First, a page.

Tagged With html

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Last week we taught you how to make a web site from start to finish, including finding a reliable web host to host your site. Here's the complete guide so you have access to all the lessons in one convenient location.

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Everyone lives at least a little bit of their life on the web, and whether you develop web pages for a living or you want more control over how your comments show up on websites, having an understanding of HTML at your command is invaluable. With that in mind, in our first lesson on how to make a website, we're covering the top-level basics of HTML — the predominant markup language of the web.

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Though you can make a strong argument for hand coding your web site the appeal of a What You See Is What You Get approach is undeniable. This week we take a look at the five most popular tools for WYSIWYG HTML editing.

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Firefox and Safari partially support it, Google's Wave and Chrome projects are banking on it, and most web developers are ecstatic about what it means. It's HTML5, and if you're not exactly sure what it is, here's an explainer.

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All platforms with Firefox: The WiseStamp beta Firefox add-on edits, saves, and applies rich HTML signatures to your web-based email accounts, including Gmail, Yahoo Mail, Hotmail, and AOL mail. With WiseStamp installed, you get a rich HTML editor that lets you create signatures with links, colours, images, and formatting, plus links to your favourite social network profiles. You can make more than one signature, too—like personal and business. Once you're in your webmail account, WiseStamp adds a signature drop-down so you can choose which sig to use with the current email, or it can insert it automatically. Take a look at some screenshots of WiseStamp in action.

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Planning to spend some time during one of those mythical "free" weekends whipping your web site into shape? Open Web Design, a free and frequently-updated collection of site templates handed out without copyright, is a great place to start looking. We've posted similar collections before, but Open Web Design trumps our archives for up-to-date designs and breadth of material—images, CSS templates, and standard HTML are all available. The site is free to use, and registration lets you submit ideas and post to a forum. Open Web Design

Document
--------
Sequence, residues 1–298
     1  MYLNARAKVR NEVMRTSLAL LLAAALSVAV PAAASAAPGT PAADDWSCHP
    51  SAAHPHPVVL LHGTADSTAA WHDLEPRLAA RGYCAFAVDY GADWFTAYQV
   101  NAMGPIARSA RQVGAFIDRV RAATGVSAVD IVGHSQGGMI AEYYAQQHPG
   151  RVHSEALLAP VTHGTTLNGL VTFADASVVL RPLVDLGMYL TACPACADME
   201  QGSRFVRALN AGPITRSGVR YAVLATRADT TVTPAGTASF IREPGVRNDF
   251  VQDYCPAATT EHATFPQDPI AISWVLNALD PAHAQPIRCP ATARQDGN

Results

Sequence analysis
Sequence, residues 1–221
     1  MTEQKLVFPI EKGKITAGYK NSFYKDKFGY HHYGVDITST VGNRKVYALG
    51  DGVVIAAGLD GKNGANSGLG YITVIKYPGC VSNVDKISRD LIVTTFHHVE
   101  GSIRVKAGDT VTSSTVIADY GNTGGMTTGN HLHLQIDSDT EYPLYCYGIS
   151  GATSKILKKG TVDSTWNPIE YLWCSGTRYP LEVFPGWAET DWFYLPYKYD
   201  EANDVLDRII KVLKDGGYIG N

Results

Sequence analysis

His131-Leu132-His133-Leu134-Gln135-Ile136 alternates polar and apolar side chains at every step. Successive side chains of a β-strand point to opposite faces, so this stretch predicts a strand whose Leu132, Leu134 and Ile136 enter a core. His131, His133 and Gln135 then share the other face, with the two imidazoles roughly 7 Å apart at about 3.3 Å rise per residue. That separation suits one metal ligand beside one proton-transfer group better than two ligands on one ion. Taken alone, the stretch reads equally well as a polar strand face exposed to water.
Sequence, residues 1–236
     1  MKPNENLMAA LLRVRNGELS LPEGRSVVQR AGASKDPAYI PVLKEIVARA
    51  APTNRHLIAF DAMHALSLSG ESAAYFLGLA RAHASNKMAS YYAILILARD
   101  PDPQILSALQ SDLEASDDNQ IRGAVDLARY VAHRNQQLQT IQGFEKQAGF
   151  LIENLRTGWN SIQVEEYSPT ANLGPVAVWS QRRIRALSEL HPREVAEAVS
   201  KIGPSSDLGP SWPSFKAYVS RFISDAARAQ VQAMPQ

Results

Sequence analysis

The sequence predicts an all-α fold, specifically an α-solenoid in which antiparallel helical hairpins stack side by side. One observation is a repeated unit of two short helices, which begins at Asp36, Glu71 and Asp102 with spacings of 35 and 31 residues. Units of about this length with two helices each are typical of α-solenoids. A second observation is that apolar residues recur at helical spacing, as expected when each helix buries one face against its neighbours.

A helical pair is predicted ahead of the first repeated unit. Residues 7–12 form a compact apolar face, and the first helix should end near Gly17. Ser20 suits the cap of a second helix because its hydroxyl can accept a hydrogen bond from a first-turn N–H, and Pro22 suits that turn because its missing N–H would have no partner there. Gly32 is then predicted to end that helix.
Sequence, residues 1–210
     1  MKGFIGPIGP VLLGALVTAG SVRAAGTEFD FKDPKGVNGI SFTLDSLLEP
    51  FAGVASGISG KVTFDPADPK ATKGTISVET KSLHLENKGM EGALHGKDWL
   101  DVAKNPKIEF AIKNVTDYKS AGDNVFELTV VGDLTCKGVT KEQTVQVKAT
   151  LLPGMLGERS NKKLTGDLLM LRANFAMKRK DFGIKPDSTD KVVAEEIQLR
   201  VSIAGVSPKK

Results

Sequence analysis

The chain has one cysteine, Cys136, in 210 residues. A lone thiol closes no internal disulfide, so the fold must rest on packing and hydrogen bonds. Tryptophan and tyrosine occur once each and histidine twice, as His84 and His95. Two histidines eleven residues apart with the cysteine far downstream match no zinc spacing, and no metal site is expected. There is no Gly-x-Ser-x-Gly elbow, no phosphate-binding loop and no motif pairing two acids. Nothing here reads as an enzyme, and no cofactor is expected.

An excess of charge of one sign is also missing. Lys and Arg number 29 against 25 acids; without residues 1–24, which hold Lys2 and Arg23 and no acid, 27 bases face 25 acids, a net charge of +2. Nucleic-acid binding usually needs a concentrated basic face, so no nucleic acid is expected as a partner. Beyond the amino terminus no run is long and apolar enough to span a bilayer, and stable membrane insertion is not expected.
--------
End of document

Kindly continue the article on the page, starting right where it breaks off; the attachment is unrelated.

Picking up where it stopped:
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When you want to turn that giant spreadsheet into an HTML table without wrangling too many TD's and TR's by hand, you can use a formula to generate the HTML tags for you. The Design Intellection blog describes how to use the =CONCATENATE("text", cell, "text") spreadsheet formula to turn a row of data into an HTML table row. On Friday, Kevin pointed out a web-based HTML table generator that's a simple, fast solution for small tables; but if your data's already in a spreadsheet and the word "concatenate" doesn't make you want to run screaming, this may be a better way to go. Using Spreadsheets to Easily Create HTML Tables and Forms

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If you're one of those folks who handwrites HTML, you know how laborious it can be to type out all the tags and descriptors for a simple but highly-efficient table. Kotatsu, a free AJAX utility, generates clean code for however many rows and columns you need, with optional class options thrown on the cells. The code is blog, personal site, and start page-friendly, and that's all there is to it (thankfully). Kotatsu

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Anyone who's tried saving a Word document as a web page knows you get way more than you bargained for in the HTML and CSS department in the result. The Productivity Portfolio blog offers two alternatives when you want to zip a .DOC to a .HTML file in a jiffy without all the cruft: Using the online Word HTML Cleaner at Textism (files up to 20K only), or sending yourself the document via Gmail and hitting the "View as HTML" link. Handy. Word HTML File Conversion Tips and Resources

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Lifehacker reader and TiddlyWiki enthusiast Fraser has written up a guide that takes the idea of cut-and-paste Outlook Today customising to the next logical (or at least Lifehacker-friendly) conclusion—integrating a TiddlyWiki to-do list and notebook into Outlook. Combine the easy-to-edit power of a personal wiki with the at-a-glance inbox and task information from Outlook, and you've got a powerful start page indeed. For a primer on getting things done with a TiddlyWiki, check out guest-poster Jason Thomas' GTDTiddlyWiki walkthrough. (Original Outlook Today post).

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Your plain vanilla "Outlook Today" screen could be doing a whole lot more for you, especially if you aren't afraid of a little HTML or can get handy with a free page creator. Even if hand-coding's not your thing, the Tech-Recipes blog offers the big blocks of dense code that let you put your inbox, calendar, tasks, and whatever else anywhere you want on a page, leaving room for other stuff you might find useful. Feel free to mess around to your heart's content, because it's also un-doable with less than two clicks. Creating Your Own Outlook Today Page